Key to the species of Jarilla and Horovitzia
1a Small tree, completely covered by stinging hairs Horovitzia cnidoscoloides
1b Herb, glabrous or pubescent, but never with stinging hairs 2
2a Erect herb. Leaves lobate, rarely entire. Ovary and mature fruits with 5 longitudinal wings. Female flowers 7–9 mm long. Male flowers 5–9 mm long Jarilla chocola
2b Procumbent herb, sometimes using understory plants for support. Leaves entire, rarely lobed. Ovary and young fruits with 5 basal appendages, but not winged. Female flowers 5–15 mm long. Male flowers 4-12 mm long 3
3a Mature fruits 6–30 cm long with 5 horn-like basal appendages 3–6 cm long. Seeds black, 4–5.5 mm long. Male flowers in general >1 cm (1–1.7 cm) Jarilla caudata
3b Mature fruits 2–4 cm long with 5 curved basal appendages 0.5–2 cm long. Seeds light brown, 2.5–3.5 mm long. Male flowers in general <1 cm (0.3–0.8 cm) Jarila heterophylla
Figure 1.

Holotype of Carica nana Benth. A Specimen in K ( ) B Photo of an opened flower showing the arrangement of the anthers and the pistillode (arrow) C Close-up of the anthers. Filaments are densely covered by moniliform trichomes. B and C were taken by the first author in K.

Figure 2.

Holotype of Carica caudata Brandegee ( )

Figure 3.

The two varieties of Mocinna heterophylla La Llave. Left plate shows the lectotype of Mocinna heterophylla var. sesseana Ramírez. Right plate shows the neotype of Mocinna heterophylla var. heterophylla, both designated by Díaz and Lomeli-Sención (1992). Plates reproduced from Ramírez (1894).

Epitypification and comments on morphology and habitats
Horovitzia cnidoscoloides (Lorence & R. Torres) V.M. Badillo, Rev. Fac. Agron. (Maracay) 43: 104. 1993.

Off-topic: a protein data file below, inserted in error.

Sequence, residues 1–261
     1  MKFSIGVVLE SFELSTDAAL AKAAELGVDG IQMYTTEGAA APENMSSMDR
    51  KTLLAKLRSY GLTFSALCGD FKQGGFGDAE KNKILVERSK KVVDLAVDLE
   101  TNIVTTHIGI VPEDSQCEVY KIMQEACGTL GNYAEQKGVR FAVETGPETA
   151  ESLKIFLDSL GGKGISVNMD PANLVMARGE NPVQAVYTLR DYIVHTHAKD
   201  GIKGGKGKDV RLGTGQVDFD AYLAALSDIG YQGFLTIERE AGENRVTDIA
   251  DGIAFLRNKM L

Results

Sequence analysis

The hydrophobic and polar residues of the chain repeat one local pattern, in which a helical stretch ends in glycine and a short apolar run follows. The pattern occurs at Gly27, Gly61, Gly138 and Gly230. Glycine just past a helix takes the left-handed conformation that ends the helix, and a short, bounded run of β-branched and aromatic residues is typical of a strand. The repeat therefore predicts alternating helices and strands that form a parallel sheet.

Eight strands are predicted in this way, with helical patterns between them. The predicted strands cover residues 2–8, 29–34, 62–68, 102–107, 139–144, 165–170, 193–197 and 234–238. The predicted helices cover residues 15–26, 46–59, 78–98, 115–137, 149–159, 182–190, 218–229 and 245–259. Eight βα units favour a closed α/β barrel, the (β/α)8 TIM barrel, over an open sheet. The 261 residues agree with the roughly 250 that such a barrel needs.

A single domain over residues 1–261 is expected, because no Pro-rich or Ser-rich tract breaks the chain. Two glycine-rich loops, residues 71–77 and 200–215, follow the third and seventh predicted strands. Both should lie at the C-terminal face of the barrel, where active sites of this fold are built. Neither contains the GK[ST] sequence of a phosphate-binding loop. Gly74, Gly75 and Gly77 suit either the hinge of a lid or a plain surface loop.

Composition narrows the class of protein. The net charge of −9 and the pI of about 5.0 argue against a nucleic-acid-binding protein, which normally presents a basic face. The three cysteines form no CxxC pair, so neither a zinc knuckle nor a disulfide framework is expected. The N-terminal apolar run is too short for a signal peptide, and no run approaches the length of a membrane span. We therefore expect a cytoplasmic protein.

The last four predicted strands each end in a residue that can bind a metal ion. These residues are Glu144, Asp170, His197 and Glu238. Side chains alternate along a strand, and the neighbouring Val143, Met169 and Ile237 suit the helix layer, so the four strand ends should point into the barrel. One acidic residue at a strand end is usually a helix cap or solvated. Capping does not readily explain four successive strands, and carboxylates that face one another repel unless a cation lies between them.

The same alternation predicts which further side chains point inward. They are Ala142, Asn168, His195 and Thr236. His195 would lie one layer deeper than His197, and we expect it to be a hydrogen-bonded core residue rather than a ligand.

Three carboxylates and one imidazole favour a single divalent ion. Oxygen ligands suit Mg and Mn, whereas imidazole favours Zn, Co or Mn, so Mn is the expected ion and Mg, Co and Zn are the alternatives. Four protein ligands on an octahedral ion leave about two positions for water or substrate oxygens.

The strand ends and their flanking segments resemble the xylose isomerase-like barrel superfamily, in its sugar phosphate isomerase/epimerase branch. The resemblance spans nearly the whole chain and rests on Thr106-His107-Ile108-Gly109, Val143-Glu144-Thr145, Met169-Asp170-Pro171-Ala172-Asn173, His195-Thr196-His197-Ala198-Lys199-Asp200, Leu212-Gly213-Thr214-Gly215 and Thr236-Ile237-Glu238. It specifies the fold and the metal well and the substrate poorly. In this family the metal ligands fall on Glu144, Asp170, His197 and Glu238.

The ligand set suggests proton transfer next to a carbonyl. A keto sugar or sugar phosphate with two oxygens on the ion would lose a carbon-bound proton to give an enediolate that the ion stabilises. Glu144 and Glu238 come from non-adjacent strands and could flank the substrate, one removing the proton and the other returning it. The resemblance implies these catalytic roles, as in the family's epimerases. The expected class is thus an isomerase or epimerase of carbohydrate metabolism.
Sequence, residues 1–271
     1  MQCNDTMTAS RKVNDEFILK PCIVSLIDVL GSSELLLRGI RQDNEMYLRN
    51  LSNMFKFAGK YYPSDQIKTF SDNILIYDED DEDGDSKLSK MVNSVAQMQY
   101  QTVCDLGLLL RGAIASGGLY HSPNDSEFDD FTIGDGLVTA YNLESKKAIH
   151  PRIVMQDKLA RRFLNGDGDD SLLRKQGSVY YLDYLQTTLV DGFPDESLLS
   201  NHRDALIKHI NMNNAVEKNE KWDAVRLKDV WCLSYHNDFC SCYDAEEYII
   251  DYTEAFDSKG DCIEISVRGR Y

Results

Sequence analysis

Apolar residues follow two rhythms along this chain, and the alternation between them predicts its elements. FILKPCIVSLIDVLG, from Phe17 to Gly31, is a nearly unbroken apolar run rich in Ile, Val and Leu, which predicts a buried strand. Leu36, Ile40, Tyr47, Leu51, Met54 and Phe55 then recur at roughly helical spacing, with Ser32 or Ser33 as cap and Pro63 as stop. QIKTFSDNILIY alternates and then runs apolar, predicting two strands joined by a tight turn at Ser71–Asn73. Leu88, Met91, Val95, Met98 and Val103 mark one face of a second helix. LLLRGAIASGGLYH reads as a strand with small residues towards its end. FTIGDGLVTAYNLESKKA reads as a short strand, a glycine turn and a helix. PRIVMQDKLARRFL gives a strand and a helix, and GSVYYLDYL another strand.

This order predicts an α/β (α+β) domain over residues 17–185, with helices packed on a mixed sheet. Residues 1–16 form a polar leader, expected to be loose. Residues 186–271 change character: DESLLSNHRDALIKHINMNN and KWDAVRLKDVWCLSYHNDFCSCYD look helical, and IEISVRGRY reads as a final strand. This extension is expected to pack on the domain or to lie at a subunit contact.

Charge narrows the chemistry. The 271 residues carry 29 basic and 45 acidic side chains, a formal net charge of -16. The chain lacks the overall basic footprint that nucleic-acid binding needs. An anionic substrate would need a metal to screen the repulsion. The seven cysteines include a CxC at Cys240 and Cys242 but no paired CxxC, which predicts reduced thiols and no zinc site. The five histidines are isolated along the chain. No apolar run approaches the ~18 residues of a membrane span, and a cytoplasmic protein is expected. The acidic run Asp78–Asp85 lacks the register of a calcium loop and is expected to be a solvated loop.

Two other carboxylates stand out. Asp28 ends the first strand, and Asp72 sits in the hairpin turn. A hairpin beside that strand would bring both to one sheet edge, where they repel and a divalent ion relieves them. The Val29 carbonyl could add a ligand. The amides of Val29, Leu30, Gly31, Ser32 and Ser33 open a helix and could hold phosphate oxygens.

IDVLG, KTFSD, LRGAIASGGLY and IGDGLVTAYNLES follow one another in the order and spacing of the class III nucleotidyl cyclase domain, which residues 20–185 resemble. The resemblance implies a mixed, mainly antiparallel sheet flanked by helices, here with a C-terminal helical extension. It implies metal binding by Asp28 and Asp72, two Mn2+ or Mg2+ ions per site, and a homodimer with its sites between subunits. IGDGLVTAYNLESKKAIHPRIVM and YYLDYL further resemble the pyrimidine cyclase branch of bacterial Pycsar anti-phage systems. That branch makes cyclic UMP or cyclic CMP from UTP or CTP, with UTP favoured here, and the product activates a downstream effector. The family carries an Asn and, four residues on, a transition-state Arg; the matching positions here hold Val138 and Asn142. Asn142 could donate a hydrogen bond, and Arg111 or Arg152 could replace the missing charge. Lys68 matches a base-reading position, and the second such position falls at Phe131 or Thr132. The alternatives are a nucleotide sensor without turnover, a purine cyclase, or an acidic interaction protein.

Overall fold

Carica cnidoscoloides Lorence & R. Torres, Syst. Bot. 13(1): 107–109, f.1. 1988.

Mexico. Oaxaca: Ixtlan, Sierra de Juárez, 9 March 1986, R. Torres & P. Teonorio 8168 (holotype: MEXU, a photo in GUADA; isotypes: BM, MO [MO-193213], NY[00112155]). Mexico. Oaxaca. Type locality, 25 May 1883, T. Cedillo & Lorence 2347 (paratype: MEXU, a photo in GUADA, a duplicate in MO); 4 Ago 1985, Lorence et al. 4733 (paratype: MEXU, a duplicate in BM); 9 Mar 1985, C. Torres & L. Tenorio 8167 (paratype: MEXU); 27 Ago 1986, C. Torres & L. Tenorio 8760 (paratype: MEXU).

Horovitzia cnidoscoloides is a small tree, 0.5–4 m tall endemic to Sierra de Juarez in Oaxaca, Mexico. It occurs in cloud forests from 800 to 1600 m above sea level. Unusual features are subcapitate stigma, and stinging hairs covering the entire plant.

Jarilla chocola Standl. Publ. Field Mus. Nat. Hist., Bot. Ser. 17: 200. 1937.


Mexico. Sonora: Chihuahua, Guasarema, Rio Mayo, 10 August 1936, H. S. Gentry 2366 (holotype: F; isotypes: GUADA photo, K [K000500520], S [S-G-3434]). Mexico. Sonora: San Bernardo, Rio Mayo, 14 August 1935, H. S. Gentry 1624 (paratype: F, duplicates in MEXU and K [000500521], a photo in GUADA).

Jarilla chocola is an erect herb, with mostly lobate leaves and fruits with 5 longitudinal wings. The species occurs at low altitudes (100–1300 m) along the Pacific Coast from Sonora to El Salvador.

Jarilla caudata (Brandegee) Standl., Contr. U.S. Natl. Herb. 23(4): 853. 1924.

Fig. 4
Carica caudata Brandegee, Zoe 4: 401. 1894.